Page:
Wednesday, 1 August 2012
It took a rare silver to equal the record, so it was fitting a customary gold made Michael Phelps the greatest Olympian in history.
Phelps' 15th swimming gold on Tuesday gave him 19 medals in all and took him past Soviet gymnast Larisa Latynina as the winner of more Olympic medals than anyone before him.
He'd already won more gold medals than anyone five gold medals ago, so Tuesday night's prizes cemented him as the greatest on any measure.
The 27-year-old American won six golds and two bronze in Athens in 2004 and a remarkable eight gold in Beijing four years later.
By his standards, he's had a poor Olympics in London where he arrived last week needing three medals to pass Latynina.
He missed a medal in the 400m individual medley, got to within one of Latynina with silver in the 4x100m freestyle relay and drew level with her when he was beaten into silver on the last stroke of Tuesday's 200m butterfly by South African Chad le Clos.
An hour later, there was no doubting the record would be broken with gold as he anchored home the US 4x200m freestyle relay team to an overwhelming win.
"I've put my mind to doing something that nobody had ever done before," Phelps said. "This has been an amazing ride."
It wasn't the toughest of his 15 golds, diving in with a massive lead set up by his relay teammates Ryan Lochte, Conor Dwyer and Ricky Berens.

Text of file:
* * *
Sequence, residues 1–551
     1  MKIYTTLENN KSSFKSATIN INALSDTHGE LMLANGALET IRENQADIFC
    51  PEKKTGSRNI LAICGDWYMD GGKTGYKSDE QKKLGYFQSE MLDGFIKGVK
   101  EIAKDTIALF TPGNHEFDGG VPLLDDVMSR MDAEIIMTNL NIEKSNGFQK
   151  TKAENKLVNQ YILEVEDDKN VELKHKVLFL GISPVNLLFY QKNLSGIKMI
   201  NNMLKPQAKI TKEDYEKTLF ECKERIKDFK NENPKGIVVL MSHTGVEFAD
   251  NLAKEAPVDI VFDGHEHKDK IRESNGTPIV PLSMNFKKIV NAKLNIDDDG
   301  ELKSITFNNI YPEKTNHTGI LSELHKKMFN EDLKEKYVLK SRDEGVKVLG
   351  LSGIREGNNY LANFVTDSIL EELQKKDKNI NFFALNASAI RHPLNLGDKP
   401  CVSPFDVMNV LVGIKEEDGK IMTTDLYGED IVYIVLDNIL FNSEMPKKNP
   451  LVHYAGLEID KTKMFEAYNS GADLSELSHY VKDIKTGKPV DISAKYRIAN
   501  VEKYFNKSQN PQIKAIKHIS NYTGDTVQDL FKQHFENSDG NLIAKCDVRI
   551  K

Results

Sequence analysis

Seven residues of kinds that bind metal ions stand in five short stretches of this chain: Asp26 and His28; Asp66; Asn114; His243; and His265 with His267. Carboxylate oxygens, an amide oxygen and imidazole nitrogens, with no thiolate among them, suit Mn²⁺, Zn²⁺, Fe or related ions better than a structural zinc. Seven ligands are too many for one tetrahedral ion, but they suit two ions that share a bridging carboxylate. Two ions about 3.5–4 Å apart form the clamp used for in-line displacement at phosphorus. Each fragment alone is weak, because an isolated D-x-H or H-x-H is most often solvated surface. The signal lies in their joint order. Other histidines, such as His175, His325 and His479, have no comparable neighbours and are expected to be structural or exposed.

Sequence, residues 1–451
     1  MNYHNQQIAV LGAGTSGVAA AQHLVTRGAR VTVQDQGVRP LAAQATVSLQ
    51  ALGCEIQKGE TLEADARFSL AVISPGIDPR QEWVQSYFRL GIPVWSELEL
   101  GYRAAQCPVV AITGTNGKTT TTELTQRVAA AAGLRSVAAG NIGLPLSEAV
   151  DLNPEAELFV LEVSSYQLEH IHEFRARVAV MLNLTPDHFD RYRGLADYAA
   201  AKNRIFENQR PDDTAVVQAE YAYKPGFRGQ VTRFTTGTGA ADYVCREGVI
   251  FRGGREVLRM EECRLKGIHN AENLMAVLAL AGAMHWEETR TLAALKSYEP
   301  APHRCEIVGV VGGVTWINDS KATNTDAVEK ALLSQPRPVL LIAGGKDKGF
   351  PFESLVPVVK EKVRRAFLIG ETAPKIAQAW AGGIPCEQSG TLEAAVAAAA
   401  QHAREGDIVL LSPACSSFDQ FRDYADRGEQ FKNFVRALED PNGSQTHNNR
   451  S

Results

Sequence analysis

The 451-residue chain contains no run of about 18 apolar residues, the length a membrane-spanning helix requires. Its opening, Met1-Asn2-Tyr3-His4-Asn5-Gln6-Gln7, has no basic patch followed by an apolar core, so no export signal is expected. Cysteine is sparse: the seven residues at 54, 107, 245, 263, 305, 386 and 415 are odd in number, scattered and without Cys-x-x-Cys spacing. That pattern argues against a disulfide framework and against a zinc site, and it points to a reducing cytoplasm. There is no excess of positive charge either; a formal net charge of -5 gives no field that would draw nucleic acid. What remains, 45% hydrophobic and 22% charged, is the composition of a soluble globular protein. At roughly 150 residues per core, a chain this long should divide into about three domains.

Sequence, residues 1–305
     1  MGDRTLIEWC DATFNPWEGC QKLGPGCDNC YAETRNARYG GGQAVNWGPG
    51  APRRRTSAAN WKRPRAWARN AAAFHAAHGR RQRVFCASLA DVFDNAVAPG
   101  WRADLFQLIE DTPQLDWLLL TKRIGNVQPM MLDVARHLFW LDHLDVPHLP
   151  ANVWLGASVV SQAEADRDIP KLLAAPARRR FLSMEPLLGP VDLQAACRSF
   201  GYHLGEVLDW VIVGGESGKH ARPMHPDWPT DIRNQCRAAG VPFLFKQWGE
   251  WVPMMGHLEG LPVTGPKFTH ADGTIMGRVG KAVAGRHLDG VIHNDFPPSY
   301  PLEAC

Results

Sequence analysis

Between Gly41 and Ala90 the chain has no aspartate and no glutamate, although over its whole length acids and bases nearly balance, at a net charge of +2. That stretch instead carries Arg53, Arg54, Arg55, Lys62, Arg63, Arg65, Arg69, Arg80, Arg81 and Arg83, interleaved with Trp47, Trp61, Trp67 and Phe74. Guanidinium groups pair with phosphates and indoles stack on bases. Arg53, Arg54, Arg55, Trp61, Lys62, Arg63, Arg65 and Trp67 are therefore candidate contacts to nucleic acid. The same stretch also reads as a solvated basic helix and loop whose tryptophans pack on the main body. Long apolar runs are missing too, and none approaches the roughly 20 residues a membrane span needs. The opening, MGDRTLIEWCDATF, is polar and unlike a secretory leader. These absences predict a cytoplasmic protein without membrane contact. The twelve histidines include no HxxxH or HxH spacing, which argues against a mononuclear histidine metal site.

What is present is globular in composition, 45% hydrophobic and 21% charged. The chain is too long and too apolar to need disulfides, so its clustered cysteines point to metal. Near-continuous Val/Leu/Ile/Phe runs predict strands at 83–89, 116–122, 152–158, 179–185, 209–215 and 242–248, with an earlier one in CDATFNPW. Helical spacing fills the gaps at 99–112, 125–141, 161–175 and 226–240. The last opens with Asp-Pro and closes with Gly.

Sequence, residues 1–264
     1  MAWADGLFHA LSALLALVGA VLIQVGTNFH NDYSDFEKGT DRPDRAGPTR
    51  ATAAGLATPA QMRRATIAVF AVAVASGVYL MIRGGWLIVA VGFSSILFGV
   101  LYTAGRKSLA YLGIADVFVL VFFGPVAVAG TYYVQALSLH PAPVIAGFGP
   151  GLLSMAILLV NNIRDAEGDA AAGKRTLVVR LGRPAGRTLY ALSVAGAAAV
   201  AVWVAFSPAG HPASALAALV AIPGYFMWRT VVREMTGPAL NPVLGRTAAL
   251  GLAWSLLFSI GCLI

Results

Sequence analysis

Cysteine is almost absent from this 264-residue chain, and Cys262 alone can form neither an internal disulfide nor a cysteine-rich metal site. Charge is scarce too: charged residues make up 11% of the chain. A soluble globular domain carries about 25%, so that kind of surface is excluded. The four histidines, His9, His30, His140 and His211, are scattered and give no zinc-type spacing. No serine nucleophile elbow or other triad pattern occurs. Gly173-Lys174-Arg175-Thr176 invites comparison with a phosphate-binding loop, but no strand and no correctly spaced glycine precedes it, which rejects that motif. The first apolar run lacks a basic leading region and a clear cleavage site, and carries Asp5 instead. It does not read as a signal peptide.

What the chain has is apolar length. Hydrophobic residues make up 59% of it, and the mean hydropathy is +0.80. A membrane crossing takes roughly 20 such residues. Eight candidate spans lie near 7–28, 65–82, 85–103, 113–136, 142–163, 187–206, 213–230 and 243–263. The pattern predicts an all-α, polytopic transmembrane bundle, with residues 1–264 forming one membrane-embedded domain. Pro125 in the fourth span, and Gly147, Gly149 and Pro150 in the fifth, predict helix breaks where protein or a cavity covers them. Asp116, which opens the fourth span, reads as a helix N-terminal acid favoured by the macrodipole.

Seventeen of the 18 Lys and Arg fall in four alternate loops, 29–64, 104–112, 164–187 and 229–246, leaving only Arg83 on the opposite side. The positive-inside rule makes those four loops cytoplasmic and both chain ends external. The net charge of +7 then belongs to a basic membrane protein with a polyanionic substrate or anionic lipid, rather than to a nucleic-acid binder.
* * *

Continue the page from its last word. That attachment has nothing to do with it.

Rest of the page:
"I thanked those guys for helping me get to this moment," Phelps said.
"I told those guys I wanted a big lead. I was like, 'You better give me a big lead going into the last lap,' and they gave it to me. I just wanted to hold on. I thanked them for being able to allow me to have this moment."
Phelps has three more events in London before retiring with a record which may be untouchable.
"It has been a pretty amazing career," he said.
"But we still have a couple races to go."
While Latynina's record lasted nearly 50 years and Phelps' will be tough to beat, China's 16-year-old Ye Shiwen showed she has plenty of medals in her after winning her second gold of the Games on Tuesday.
Ye, who's been the subject of unfounded speculation about drug use after her phenomenal performances in London, added the 200m individual medley title on Tuesday to the 400m individual medley crown she won earlier this week.
Phelps may be Olympic royalty, but real regal blood stood on the dais on Tuesday when the queen's granddaughter Zara Phillips won silver for Great Britain in the team's equestrian teams event, which was won by Germany.
Germany's Michael Jung took the double when he won the individual gold to become the first rider to hold the European, world and Olympic titles at the same time.
China continues to lead the medals table, winning three gold on Tuesday to finish day four with 12 gold and 22 in all, while the US has nine gold in a total of 23.
Britain is yet to win a gold medal at its home Games and is 24th with two silvers and two bronze.
China won its third diving gold in as many events when world champions Chen Ruolin and Wang Hao won the women's 10m synchronised platform final.
China's development in all sports continues to expand, with its first fencing gold medal when Lei Sheng beat Egypt's Alaaeldin Abouelkassem in the men's Olympic foil fencing.
The US won the women's team gymnastics final for the first time since 1996, with Russia taking silver and Romania bronze.